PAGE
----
On This Day – 14 October 1882 – Birth of Eamon de Valera



One of the most successful Irish movies of the year has been the adaptation of Colm Toibín’s novel Brooklyn. But that borough of the city of New York has a much more compelling Irish association. It was the chosen destination of an Irish immigrant Catherine Coll, from Co. Limerick, and it was from there that she met a young Spanish sculptor, got married and had a son in 1882. That son, their only child, went on to become the dominant Irish political personality of the 20th century, Eamon de Valera.


Not that the young de Valera, named Edward by his parents, knew much about his mother Catherine and his father Vivion. The latter was dead by the time he was three and his mother was forced by economic circumstances to have her son sent to Ireland in 1885 to be brought up by relatives in Bruree, Co. Limerick. There he was known as Eddie Coll. He later became a scholarship boy in Blackrock College where he was to become a teacher. In the 1911 census he was still Edward de Valera but his involvement in the Gaelic League sparked an increased interest in Irish. Until the formation of the Irish Volunteers in 1913 his politics were those of Home Rule, but the transformation of his philosophy was ultimately to lead to his command of the 3rd Battalion of the Volunteers in the Easter Rising of 1916.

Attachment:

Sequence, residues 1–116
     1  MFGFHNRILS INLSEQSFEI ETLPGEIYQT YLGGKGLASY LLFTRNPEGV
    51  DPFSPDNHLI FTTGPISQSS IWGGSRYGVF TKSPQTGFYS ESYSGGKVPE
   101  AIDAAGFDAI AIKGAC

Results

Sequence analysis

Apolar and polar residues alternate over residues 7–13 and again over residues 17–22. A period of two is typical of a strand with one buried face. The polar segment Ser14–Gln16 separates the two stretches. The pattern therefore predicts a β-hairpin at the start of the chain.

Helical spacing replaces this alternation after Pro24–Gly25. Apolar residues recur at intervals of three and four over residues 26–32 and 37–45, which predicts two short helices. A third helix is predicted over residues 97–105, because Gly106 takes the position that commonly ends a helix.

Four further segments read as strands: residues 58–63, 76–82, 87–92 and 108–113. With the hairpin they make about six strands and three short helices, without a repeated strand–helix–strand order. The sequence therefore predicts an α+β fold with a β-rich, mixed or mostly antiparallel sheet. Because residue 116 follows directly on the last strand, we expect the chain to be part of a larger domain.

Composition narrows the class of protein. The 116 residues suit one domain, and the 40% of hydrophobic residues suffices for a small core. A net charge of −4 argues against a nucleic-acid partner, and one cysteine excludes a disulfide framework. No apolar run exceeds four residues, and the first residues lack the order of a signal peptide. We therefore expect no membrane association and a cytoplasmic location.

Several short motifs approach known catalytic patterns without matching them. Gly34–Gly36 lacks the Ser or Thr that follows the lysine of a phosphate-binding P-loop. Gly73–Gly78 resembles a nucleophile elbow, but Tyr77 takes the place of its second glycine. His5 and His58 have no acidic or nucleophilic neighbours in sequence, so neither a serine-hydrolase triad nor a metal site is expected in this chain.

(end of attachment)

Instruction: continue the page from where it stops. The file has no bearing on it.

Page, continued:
Despite the execution of men far more junior than he de Valera survived the violent aftermath of the Rising. There is a myth that his death sentence was commuted because of his American citizenship. In fact it was more to do with timing and happenstance. In the wake of the controversial execution of James Connolly when General Sir John Maxwell, British military governor in Ireland, asked the young Irish prosecutor William Wylie whether de Valera should be shot on the basis that he might cause trouble in the future, Wylie made the memorable but hardly clairvoyant observation ‘I wouldn’t think so, sir, I don’t think he is important enough. From all I can hear he is not one of the leaders.’